Robotics Construction Skills Gap

Can Robots Solve the Construction Industry’s Skills Gap?

Robotics could help solve a lot of industry problems—from worker shortages to poor jobsite efficiency—but is construction ready to embrace it?
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Illustration by Wenting Li

The construction industry is facing a myriad of challenges: a skilled construction worker shortage, materials and supply chain logjams, low profit margins, pressure to be less resource intensive—all on top of the gigantic task of making the industry more environmentally sustainable.

These challenges come as the industry also confronts a bevy of big-picture issues.

Commercial builders face an uncertain future, as the growth in permanent remote and hybrid work—among other trends spurred by the COVID-19 pandemic—threatens to upend construction centered around office buildings and the retail and hospitality building that often comes with it.

On the residential side, contractors need to build an estimated 3.8 million single-family homes to catch up with existing demand, but a persistent supply chain crisis is  forcing homebuilders to find alternative materials.

It would seem like the industry is due for a major innovation. Might that come in the form of construction robots?

Tom Woodman, executive director of Citizen Robotics, a nonprofit educating communities about 3D-printed homes, said robotic solutions, along with the rise of additive manufacturing, could go a long way toward helping the residential building sector in particular.

“We need to reach for another construction method using the tools and techniques from advanced manufacturing,” Woodman said, “and bring more tools to the toolbox for the modern-day construction workforce.”

Proponents say robotics brings predictability to an industry rife with uncertainty. Every day, project teams are faced with challenges on every construction site. With construction robots doing more of the building, however, “costs are more predictable, schedules are more predictable; we can use repetitive processes where possible; and then we can actually start to bring down the cost,” said Ramtin Attar, co-founder and CEO of Promise Robotics, a company specializing in panelized construction.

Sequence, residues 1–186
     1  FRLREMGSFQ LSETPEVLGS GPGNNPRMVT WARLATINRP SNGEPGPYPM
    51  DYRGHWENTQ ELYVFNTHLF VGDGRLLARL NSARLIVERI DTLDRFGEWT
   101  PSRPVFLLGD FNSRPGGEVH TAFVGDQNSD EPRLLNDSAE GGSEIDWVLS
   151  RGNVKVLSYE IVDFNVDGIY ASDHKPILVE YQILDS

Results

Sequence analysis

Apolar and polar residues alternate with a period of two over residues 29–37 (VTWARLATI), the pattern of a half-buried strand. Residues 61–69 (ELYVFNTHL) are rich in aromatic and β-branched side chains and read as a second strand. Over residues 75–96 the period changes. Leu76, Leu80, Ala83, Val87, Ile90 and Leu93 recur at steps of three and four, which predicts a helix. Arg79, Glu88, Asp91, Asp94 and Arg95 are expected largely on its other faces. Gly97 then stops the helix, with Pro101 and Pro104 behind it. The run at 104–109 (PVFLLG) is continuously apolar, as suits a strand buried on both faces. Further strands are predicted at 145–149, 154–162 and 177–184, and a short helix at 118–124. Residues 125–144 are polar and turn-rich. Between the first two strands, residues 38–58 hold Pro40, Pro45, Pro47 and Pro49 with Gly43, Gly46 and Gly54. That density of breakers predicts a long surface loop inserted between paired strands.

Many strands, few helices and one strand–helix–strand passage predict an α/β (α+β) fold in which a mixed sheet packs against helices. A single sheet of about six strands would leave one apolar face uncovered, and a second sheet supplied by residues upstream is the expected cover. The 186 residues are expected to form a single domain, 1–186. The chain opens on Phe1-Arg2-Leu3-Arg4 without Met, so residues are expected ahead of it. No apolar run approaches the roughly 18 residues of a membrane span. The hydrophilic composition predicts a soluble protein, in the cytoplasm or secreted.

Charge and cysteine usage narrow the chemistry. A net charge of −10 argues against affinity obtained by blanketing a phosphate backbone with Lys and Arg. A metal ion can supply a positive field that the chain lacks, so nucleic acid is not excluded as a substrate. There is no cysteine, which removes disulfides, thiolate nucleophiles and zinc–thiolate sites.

State of the industry

Robotics and automation in the construction industry may go a long way toward solving a number of construction’s more persistent problems, from the skills gap to the need to hire a younger and more diverse workforce.

ABB Robotics conducted a survey earlier in 2021 about the use of robotics in the construction industry. The company asked 1,900 construction businesses around the world about the industry’s need for workers and their use of robotic solutions.


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Overwhelmingly, respondents felt the industry was headed toward a construction skills gap crisis by 2030. Already, construction firms are struggling to find workers—there were more than 311,000 construction vacancies in the U.S. in the second quarter of 2020.

Companies were also asked in the survey if they were looking into possibly using robotics in the next 10 years; 81% said they were, while 55% said they already use robots, mostly to increase safety and sustainability on jobsites.

“It’s amazing that when you go meet with people in other industries that are using robotics, like health care, automotive and logistics, they’re just amazed that the construction industry has not adopted robotics yet,” Attar said.

The changing nature of construction jobs

As construction robots become more prevalent, the nature of the jobs available in the industry is likely to change. Laborer and installer positions will be replaced with robot operators—a role likely to require skills in software programming, mechanics and troubleshooting, and one without the same level of physical demands as more traditional construction jobs.

Moreover, there will be less of a need for site workers altogether and more need for technicians, robot assemblers and programmers as more construction moves to a warehouse/production line model, as seen with modular building.

Industry experts say this potential changing nature of construction jobs is likely to help the industry’s current struggle with attracting young talent more intent on working in technology-related fields.

Some companies have already begun to make this transition by attracting workers interested in robotics. Autovol, a modular building supplier, has brought in several younger workers as robot operators. Not only are its employees younger, but they are more diverse. 

“Today our plant’s 33% female,” said Rick Murdock, Autovol’s co-founder and CEO. “And a large part of that is due to the automation process, because we have a lot of female operators, finishers and so forth.”

Moving jobs from the jobsite to the warehouse also addresses some of the reasons construction is so cyclical. Weather and temperatures can be controlled in a warehouse, unlike the jobsite. Production can go on year-round, meaning workers are employed year-round as well.

Is robotics the answer?

Still, these companies continue to have to sell the advantages of robotic production to an industry already known for its skepticism toward new technology. Most see the only barrier to growth as the adoption of the technology. As the advantages of robots in construction are seen less as an anomaly and more pervasive, experts say there will be more demand for the technology in the industry.

Read about the myriad ways construction is working to embrace technology.